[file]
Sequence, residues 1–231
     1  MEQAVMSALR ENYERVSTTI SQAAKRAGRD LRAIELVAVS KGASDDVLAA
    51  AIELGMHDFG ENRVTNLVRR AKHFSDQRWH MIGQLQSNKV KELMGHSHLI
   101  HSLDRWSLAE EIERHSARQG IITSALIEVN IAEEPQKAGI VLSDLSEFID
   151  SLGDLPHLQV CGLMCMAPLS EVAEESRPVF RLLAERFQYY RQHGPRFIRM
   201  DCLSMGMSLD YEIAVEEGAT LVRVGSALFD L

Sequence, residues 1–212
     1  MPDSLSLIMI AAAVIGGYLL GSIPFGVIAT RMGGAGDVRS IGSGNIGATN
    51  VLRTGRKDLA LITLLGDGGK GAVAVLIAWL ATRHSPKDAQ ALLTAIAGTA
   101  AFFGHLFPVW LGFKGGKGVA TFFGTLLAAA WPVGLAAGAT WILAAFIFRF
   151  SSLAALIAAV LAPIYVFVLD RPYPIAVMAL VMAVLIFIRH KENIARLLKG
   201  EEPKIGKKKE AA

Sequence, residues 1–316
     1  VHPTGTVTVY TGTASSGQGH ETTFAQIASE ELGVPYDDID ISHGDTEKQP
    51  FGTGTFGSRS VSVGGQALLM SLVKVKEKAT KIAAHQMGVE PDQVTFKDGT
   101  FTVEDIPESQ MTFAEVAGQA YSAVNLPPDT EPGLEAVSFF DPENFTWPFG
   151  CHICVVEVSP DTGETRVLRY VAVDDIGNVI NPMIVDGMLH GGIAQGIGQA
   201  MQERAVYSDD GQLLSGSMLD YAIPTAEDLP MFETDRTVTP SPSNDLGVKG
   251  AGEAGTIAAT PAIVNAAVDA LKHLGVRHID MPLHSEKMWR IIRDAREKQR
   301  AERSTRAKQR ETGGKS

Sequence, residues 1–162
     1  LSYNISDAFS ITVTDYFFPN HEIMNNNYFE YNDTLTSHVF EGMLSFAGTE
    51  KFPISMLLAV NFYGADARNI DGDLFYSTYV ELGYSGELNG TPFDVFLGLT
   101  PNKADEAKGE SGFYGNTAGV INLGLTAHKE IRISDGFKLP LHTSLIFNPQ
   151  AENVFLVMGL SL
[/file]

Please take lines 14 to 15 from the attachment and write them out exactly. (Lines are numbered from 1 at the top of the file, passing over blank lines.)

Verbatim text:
     1  VHPTGTVTVY TGTASSGQGH ETTFAQIASE ELGVPYDDID ISHGDTEKQP
    51  FGTGTFGSRS VSVGGQALLM SLVKVKEKAT KIAAHQMGVE PDQVTFKDGT